George Osborne in £800m tax raid on banks
Tuesday 08 February 2011
Chancellor George Osborne today hit the banks with a surprise £800 million tax raid as he announced the Government's new bank levy was to be made permanent.
The unexpected move - unveiled by Mr Osborne on the BBC Radio 4 Today programme - was greeted with shock and anger by the banks, with some bank chiefs reported to be "livid".
The British Bankers' Association (BBA) accused the Chancellor of "changing the tax goalposts" and warned it would make the UK a less attractive place for businesses to operate.
The increase was dismissed by shadow chancellor Ed Balls as a "damp squib" intended to deflect attention away from the Government's failure to secure a wider agreement with the banks on bonuses and business lending.
However Mr Osborne insisted he expected to make an announcement "in the next week" on the Government's so-called Project Merlin talks with the banks, following months of sparring between the two sides.
He said the announcement on the bank levy should pave the way for a deal to curb bonus pay-outs while increasing lending to cash-starved small and medium-sized firms.
"It's very important to get all the components in place. Today's announcement clears the way so now banks know where they are on taxation," he said.
"I'm still confident we can secure a deal with the banks on seeing an increase in lending to small businesses and see that bonuses are lower this year than last year."
The BBA however criticised the Treasury for making last-minute adjustments to the levy which was announced in last year's Budget.
"The levy itself is complex and will hit our most global banks hardest as they operate and pay tax across national boundaries," it said in a statement.
"Changing the tax goalposts also makes things harder - all organisations want a predictable tax regime so they can plan their businesses accordingly and constant chopping and changing risks making the UK a less attractive place for businesses to operate."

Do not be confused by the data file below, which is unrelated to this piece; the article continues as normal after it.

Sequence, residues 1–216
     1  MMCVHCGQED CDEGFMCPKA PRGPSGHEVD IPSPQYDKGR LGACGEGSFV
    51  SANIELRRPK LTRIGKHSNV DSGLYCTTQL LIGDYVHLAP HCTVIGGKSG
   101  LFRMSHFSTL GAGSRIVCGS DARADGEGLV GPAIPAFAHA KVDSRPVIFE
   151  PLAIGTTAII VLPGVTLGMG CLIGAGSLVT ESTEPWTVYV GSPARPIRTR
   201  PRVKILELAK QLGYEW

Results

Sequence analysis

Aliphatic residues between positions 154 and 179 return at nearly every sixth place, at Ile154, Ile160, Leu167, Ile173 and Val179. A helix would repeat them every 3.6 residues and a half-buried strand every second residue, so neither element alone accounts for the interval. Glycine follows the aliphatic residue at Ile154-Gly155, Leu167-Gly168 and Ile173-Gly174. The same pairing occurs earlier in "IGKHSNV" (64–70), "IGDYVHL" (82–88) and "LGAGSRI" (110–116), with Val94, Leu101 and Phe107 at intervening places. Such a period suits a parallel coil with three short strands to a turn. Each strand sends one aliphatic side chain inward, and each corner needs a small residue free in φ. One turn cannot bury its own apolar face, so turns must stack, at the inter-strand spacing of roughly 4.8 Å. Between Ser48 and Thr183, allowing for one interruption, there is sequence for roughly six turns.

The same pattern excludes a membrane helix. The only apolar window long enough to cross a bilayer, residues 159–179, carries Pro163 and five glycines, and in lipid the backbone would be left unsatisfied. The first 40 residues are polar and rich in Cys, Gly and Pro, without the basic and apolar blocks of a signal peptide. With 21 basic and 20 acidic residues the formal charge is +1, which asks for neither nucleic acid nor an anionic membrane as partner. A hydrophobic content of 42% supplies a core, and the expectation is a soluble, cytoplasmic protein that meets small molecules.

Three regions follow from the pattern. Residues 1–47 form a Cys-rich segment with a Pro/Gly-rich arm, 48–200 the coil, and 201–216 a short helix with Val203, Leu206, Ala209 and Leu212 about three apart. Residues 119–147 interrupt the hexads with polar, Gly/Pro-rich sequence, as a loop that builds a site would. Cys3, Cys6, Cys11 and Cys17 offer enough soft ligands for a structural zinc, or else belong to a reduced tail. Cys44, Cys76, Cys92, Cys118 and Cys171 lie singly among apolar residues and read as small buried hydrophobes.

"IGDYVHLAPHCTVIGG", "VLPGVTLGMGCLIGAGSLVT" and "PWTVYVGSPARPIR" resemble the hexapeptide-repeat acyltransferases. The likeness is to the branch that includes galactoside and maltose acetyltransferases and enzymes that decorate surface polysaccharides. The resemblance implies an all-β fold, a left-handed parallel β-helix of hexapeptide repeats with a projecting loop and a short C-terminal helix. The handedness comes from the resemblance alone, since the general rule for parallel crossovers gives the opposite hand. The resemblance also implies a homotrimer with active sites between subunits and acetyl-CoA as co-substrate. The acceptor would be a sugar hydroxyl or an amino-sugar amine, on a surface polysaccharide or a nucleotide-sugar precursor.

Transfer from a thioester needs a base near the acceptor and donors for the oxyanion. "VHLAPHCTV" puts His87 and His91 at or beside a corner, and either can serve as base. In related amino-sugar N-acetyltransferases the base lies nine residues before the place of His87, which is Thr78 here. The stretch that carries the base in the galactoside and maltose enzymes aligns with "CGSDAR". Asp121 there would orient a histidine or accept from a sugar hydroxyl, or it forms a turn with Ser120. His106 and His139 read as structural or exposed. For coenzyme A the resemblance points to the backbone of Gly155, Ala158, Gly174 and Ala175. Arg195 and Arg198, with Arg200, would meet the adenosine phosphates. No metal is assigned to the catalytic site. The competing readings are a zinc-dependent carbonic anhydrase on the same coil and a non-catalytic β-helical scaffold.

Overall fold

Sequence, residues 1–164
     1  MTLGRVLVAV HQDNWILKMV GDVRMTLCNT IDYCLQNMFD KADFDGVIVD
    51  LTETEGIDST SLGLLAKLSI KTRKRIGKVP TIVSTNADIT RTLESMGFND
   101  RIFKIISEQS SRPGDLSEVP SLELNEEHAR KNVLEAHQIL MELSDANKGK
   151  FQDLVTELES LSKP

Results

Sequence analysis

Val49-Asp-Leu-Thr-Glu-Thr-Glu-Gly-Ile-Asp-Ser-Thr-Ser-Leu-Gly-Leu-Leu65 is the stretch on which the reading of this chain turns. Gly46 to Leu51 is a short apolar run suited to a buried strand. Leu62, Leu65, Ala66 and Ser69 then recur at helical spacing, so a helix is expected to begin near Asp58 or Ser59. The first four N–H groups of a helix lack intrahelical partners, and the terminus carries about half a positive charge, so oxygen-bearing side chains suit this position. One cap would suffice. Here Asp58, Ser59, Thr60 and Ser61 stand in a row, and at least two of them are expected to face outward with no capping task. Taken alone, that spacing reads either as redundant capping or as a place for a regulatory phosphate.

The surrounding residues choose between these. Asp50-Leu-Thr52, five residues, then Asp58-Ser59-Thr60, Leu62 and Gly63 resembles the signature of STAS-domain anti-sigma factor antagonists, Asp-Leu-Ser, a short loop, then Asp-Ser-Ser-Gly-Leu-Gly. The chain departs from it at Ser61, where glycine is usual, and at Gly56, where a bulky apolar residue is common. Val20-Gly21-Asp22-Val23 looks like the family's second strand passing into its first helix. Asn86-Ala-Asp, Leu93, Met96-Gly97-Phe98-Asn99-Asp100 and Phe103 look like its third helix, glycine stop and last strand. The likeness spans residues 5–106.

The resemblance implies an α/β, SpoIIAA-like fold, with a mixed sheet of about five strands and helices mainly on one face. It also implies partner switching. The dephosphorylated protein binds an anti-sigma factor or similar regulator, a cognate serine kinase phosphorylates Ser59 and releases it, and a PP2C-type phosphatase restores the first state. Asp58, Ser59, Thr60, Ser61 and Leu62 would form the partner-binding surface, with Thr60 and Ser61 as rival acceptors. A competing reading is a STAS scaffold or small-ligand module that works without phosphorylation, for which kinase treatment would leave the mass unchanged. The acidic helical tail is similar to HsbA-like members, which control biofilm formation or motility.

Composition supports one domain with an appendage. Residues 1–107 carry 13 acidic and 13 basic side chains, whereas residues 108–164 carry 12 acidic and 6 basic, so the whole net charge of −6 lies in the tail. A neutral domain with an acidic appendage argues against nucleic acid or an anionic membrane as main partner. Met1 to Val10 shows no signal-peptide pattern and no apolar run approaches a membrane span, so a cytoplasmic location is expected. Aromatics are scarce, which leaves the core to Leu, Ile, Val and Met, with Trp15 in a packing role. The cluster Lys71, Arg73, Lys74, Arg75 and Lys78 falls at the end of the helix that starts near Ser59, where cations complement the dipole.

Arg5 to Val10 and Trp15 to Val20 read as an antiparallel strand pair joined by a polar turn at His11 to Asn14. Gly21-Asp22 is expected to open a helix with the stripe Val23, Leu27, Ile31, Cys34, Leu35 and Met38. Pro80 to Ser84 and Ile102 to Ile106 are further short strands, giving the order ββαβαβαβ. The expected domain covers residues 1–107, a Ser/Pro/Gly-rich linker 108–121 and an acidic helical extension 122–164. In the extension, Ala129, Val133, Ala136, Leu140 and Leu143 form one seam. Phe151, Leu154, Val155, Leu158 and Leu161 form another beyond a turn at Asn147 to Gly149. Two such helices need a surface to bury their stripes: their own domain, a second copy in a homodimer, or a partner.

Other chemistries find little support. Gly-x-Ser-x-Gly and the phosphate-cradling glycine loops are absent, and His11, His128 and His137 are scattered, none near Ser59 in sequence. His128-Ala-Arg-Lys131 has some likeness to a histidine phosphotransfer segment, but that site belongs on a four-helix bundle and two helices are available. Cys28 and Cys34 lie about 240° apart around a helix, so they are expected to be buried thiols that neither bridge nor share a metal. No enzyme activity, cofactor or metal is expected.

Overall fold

Mr Osborne said he was scrapping the lower introductory rate originally planned for 2011 as the banking sector is returning to health faster than expected.
The Treasury had planned to phase the levy in, with banks paying a lower introductory rate on their balance sheets since the start of the year.
But the tax will be increased in March and April to offset this before settling at 0.075% a month.
The tax, which was introduced on January 1, will now raise the full £2.5 billion target in 2011 and 2012 before rising to £2.6 billion for the following years.
Treasury officials acknowledged the decision to raise the bank levy had not been part of the Project Merlin talks.
"It is not surprising that they would have been surprised," one official said.
Officials said the announcement had been timed to ensure ministers did not lay themselves open to charges of acting in "bad faith" by making the move after a deal was in place.
They now hoped to complete the negotiations within a seven-day "deadline".
The announcement comes ahead of what is expected to be another bumper annual results season for the sector, with UK banks expected to report combined profits of £24 billion for 2010.
Bosses at some of the biggest banks are said to be in line for multimillion-pound windfalls.
Mr Balls said the Chancellor now appeared to be panicking over his failure to get an agreement.
"This panicky announcement seems to be a fig leaf to hide George Osborne's failure to get a deal on the Project Merlin talks with the banks," he said.
"We will have to keep waiting for an announcement on the Project Merlin talks before we can judge whether George Osborne has delivered. Until then, people will rightly conclude that so far George Osborne has been all talk and no action."
TUC general secretary Brendan Barber said the levy was still "pathetically small", amounting to little more than "small change" from the banks' bonus pools.
"Rather than set alarm bells ringing in the City, this levy will be met with the sound of clinking champagne glasses," he said.
Mr Balls and Mr Osborne later went head-to-head in the Commons for the first time since the appointment of Mr Balls as shadow chancellor.
He accused Mr Osborne of having no "plan B" to deal with a new economic downturn while the Chancellor hit back denouncing Mr Balls as a "deficit denier".
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